A Semester to Remember

By Alex Dehullu

For the past month, Massachusetts has been getting snowstorm after snowstorm, bringing more snow than anyone in the area is accustomed to. It seems hard to believe that the snow is finally slowing down and things are beginning to return to normal.

For each of the blizzards NECC was left with no option but to cancel classes for one or two days. Students were excited to receive the text alert from NECC, giving them more and more days off.

Now that the snow is clearing and classes are returning to their normal schedules, students along with professors need to find a way to make up for lost time.
Every class has a required amount of lecture hours and the several class hours missed from the snow is causing a lot of confusion and stress for both students and teachers.

One NECC student, Patrick Murphy, said, “I know for a fact one of my friends professors has already added ten to fifteen minutes to all future classes in order to make up for all those missed classes, and that makes me wonder what I should expect from my professors.”

Some NECC professors have already decided how they are planning on making up the lost lecture hours, but there are some that have either not decided or not informed their students on what they plan to do.

Brian Adamopoulos, a full time NECC student, said, “I noticed very quickly how my professors began to speed up their lesson plans after the snow and the extra work is stressing me out. The snow really disrupted this semester and I’m really hoping it doesn’t harm my grades.”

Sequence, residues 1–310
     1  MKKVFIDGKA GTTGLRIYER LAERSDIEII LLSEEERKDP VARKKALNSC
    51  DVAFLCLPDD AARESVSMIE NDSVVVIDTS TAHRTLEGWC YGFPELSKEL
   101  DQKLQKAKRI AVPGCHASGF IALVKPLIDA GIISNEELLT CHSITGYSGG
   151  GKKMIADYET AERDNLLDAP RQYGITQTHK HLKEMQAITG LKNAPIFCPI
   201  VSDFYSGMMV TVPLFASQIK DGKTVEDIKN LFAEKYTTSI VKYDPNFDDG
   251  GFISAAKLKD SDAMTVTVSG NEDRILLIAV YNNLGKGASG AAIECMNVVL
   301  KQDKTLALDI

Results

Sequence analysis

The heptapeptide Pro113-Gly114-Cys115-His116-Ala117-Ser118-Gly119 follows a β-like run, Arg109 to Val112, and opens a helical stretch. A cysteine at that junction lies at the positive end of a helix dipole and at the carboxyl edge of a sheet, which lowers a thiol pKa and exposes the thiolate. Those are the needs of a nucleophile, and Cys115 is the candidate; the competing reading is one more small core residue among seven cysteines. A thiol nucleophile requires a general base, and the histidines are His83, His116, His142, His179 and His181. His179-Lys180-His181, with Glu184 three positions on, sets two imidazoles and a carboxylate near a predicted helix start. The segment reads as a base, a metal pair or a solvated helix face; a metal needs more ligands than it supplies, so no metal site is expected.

To some, it may seem unfair for teachers to go through information at a faster pace in order to catch up to where they were supposed to be, but at this point professors are not left with many options.

Other professors decided to continue teaching at the same pace and push back future tests and quizzes.

Mario Encarnacion, a student at NECC, discussed in an interview earlier this week how his microeconomics professor was one of the professors who decided it was best to continue the semester at the pace as before the blizzards. His professor has pushed the first test back over a week to ensure the students had time to prepare.
Encarnacion said, “It was really a relief to find out that the test had been moved back. I’m still not sure what my professor is planning on doing to make up those missed classes, though.”

Even though these blizzards have finally taken a break, it’s clear that the professors along with the students have a lot of work ahead of them before the end of this spring semester.